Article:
The Great Stink: How Joseph Bazalgette Solved London's Poop Pollution Problem (Hardcover)
Discover the true story about the determined engineer who fixed London’s pollution problem in this funny, accessible nonfiction picture book featuring engaging art from the illustrator of Queen Victoria’s Bathing Machine.
It’s the summer of 1858, and London’s River Thames STINKS. What is creating this revolting smell? The answer is gross: the river is full of poop.
But the smell isn’t the worst problem. Every few years, cholera breaks out, and thousands of people die. Could there be a connection between the foul water and the deadly disease?
One engineer dreams of making London a cleaner, healthier place. His name is Joseph Bazalgette. His grand plan to create a new sewer system to clean the river is an engineering marvel. And his sewers will save lives. Nothing stinky about that.
With tips for how to prevent pollution today, this fascinating look at science, history, and what one person can do to create change will impress and astound readers who want to help make their planet a cleaner, happier place to live.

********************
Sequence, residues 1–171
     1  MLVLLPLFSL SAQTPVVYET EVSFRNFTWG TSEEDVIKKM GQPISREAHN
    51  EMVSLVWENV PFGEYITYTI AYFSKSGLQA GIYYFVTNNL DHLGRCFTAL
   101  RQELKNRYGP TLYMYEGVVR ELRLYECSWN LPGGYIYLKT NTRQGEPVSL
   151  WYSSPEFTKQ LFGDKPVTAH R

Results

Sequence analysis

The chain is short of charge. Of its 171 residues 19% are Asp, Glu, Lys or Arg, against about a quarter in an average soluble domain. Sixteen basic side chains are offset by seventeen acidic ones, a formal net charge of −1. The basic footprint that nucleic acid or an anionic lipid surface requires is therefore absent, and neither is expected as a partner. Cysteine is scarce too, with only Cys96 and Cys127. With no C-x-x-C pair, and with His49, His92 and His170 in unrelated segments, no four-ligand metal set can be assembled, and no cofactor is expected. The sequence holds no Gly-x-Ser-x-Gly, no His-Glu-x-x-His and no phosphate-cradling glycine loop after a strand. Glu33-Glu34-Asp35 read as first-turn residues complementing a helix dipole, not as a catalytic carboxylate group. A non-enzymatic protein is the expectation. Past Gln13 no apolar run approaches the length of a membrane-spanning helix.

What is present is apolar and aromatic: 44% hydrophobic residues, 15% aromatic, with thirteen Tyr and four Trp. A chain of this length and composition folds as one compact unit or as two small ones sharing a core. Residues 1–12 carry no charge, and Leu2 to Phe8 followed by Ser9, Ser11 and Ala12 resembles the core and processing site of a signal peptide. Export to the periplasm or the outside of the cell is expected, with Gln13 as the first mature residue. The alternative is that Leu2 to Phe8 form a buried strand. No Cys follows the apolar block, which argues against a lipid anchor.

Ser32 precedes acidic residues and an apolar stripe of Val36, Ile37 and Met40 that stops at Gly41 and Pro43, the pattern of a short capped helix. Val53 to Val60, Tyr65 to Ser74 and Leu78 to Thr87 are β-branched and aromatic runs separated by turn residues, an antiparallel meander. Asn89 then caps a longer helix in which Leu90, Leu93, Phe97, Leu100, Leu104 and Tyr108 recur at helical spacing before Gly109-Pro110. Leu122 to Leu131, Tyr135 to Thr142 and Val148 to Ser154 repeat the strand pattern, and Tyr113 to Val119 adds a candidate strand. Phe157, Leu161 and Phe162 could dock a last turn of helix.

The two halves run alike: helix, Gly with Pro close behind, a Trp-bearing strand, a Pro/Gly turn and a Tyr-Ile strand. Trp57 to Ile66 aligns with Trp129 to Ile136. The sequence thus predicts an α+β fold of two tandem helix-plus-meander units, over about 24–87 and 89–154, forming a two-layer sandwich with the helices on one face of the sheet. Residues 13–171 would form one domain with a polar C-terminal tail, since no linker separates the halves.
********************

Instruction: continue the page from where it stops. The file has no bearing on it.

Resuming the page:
About the Author
Fueled by English breakfast tea, a burning curiosity, and a love of research, Colleen Paeff writes from a book-lined office in an old pink house with a view of the Hollywood sign. Visit her online at ColleenPaeff.com.
Nancy Carpenter is the acclaimed illustrator of Thomas Jefferson and the Mammoth Hunt, Queen Victoria’s Bathing Machine, Fannie in the Kitchen, and Loud Emily, among other books. Her works have garnered many honors, including two Christopher Awards and the Jane Addams Children’s Book Award. She lives in Brooklyn, New York. Visit her at NancyCarpenter.website.
A beautiful retelling of the legend of Snow and Rose, this gentle fairy tales brims with all the requisite traditions: dwarfs, missing person, enchanted forest and strange creatures. As in her highly imaginative picture books, first time middle grade novelist Emily Winfield Martin paints the sisters, Snow and Rose, as not exact opposites, but more like complimentary gears, who thrive on different aspects of the same thing. Recommended as a read-aloud, this beautifully illustrated tale will delight the young and young-at-heart! - Maureen